You are the owner of this article.
Judge chastises DSS, state mental health hospital for long wait times
alert

Judge chastises DSS, state mental health hospital for long wait times

Courts

A judge chastised the South Dakota Department of Social Services and the mental health hospital it runs in court last week after it took more than four months to accept an inmate declared mentally incompetent to stand trial. And he said this delay isn't unique. 

DSS and the Human Services Center need to "tune up their act pretty darned quick," Judge Jeff Davis told a lawyer who represents DSS last Tuesday. There's been "constant battle with Human Services" during my time as a judge, said Davis, who occasionally oversees cases at the state court in Rapid City after retiring after 43 years. 

Davis said the delays are unfair to counties since they are paying to jail defendants for months as they await treatment. In this case, Magdalene Silk, a 19-year-old from Lake Andes, has been jailed since Oct. 24, 2018 after being accused of raping a 12-year-old. Davis ordered her transferred to the HSC in Yankton on March 18 but she wasn't accepted until August 1. 

A defendant is declared mentally incompetent if they have a mental illness, disability or some other condition that makes them unable to understand the nature and consequences of their charges and legal proceedings, and unable to assist in their defense, according to South Dakota law

The news of Silk's imminent transfer was announced last Tuesday by DSS lawyer Scott Carlson — but not before a tense moment when Davis signaled he was open to tossing the entire case.

When Davis began Silk's hearing ahead of schedule, Carlson was nowhere to be found inside the courtroom. 

HSC "refused to accept her" after being ordered to do so, said Silk's lawyer Matthew Rappold. 

Davis encouraged Rappold to write a motion asking for the case to be dismissed, calling the situation with DSS and HSC "ridiculous." 

Lara Roetzel, chief deputy state's attorney for Pennington County, urged Davis not to dismiss the case, noting that Silk is accused of a "very serious offense." She also said it wasn't her office's fault, nor the fault of the victim, that HSC didn't have room for Silk. 

But Davis again encouraged Rappold to file the motion before moving on to the other cases on his docket. 

Later, Davis learned that Carlson had showed up for the Silk hearing, he had been waiting outside the courtroom until her scheduled time began. 

Rappold, Roetzel and Silk were again brought before Davis, this time joined by Carlson. 

Carlson explained that Silk was eighth on the waiting list when Davis ordered her transferred to HSC in March but the facility now has room for her so she would be accepted August 1. 

"They just get to do whatever they want," Rappold said of HSC. He noted that HSC missed a deadline in Davis' March 18 order that says HSC must report back in four months or less on Silk's status, and if she still isn't mentally competent, report on whether she should become competent within a year.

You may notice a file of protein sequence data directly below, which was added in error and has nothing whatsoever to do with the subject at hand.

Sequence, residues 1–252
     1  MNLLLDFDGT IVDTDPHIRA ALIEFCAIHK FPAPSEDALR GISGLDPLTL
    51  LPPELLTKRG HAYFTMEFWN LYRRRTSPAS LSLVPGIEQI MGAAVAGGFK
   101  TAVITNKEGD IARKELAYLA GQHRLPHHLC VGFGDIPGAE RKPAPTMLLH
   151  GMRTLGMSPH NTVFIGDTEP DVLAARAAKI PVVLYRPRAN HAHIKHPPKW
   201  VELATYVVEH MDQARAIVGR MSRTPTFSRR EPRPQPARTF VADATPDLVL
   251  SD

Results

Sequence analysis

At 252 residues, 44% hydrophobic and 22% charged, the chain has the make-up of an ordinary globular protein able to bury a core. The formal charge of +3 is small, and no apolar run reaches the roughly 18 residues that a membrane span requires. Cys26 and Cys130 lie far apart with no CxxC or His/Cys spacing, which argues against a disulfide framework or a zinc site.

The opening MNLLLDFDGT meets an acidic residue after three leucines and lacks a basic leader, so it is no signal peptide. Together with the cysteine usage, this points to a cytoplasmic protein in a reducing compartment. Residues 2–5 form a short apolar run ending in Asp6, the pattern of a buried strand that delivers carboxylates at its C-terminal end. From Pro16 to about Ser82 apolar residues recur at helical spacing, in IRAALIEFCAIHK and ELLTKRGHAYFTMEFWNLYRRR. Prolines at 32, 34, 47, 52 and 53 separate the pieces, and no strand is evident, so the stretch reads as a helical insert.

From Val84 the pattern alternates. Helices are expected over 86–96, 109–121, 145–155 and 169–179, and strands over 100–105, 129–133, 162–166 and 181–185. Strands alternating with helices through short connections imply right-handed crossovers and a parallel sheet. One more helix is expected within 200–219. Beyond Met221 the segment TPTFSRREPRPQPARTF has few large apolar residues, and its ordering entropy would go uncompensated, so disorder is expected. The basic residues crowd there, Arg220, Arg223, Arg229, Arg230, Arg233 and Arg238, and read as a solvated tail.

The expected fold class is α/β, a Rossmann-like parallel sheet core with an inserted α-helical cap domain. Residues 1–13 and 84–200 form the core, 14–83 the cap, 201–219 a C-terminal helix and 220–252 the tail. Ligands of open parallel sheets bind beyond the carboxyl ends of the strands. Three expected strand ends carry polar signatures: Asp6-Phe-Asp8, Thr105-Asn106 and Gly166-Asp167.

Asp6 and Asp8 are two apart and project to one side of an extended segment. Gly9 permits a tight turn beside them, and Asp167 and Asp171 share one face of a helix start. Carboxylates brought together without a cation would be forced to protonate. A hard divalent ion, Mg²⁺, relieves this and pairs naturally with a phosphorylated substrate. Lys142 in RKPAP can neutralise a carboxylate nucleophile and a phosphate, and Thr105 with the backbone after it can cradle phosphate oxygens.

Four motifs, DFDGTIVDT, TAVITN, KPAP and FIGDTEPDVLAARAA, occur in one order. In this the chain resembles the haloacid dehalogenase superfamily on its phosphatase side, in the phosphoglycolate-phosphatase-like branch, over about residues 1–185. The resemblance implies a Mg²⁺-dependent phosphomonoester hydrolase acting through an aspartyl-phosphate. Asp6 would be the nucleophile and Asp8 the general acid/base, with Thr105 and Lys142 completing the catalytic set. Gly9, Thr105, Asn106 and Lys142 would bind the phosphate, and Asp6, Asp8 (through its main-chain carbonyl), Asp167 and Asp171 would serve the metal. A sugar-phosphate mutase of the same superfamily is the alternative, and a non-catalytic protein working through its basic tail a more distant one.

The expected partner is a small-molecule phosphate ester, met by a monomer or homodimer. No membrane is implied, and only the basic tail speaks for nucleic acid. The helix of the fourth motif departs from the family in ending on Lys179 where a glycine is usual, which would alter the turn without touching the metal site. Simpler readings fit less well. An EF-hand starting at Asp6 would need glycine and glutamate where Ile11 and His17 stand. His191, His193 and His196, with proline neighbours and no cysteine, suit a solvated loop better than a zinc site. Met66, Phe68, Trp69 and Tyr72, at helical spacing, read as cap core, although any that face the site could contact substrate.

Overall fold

"If HSC recognizes that there's a problem then they should go and make an attempt to fix that problem," Rappold told the Journal after the hearing. 

HSC has 277 beds, according to its website. People who need their competency restored for trial "are admitted as beds are available" and the facility usually ends up treating 15 such patients at a time, said DSS spokeswoman Tia Kafka.

When HSC is full, the facility must contract out services for people qualified for admission, according to South Dakota Codified Law 27A-4-20. However there is no other facility that can provide inpatient competency restoration for jailed defendants, Kafka said. 

She said DSS is working on creating other options such as jail-based competency restoration, and defendants who bond out of jail and who don't need inpatient services can already receive competency restoration from other providers.

HSC can't always immediately take defendants ordered to receive treatment since the facility has to make sure it has space for people in crisis who are involuntarily committed and must be admitted within 24 hours, Kafka said. "HSC must balance these admissions with those individuals needing competency restoration services," she said.

Like other health facilities, Kafka said, HSC is impacted by nursing shortages. It's also affected by the low unemployment rate in Yankton.

"There isn’t an easy solution for these challenges, but the department continues to look at options, including working with legislators," she said. Kafka said there are five legislative committees that are studying and making recommendations to improve the state's mental health system.

— Contact Arielle Zionts at arielle.zionts@rapidcityjournal.com

You must be logged in to react.
Click any reaction to login.
0
0
0
1
0

Sign up for our Crime & Courts newsletter

* I understand and agree that registration on or use of this site constitutes agreement to its user agreement and privacy policy.

Related to this story

Get up-to-the-minute news sent straight to your device.

Topics

News Alert

Breaking News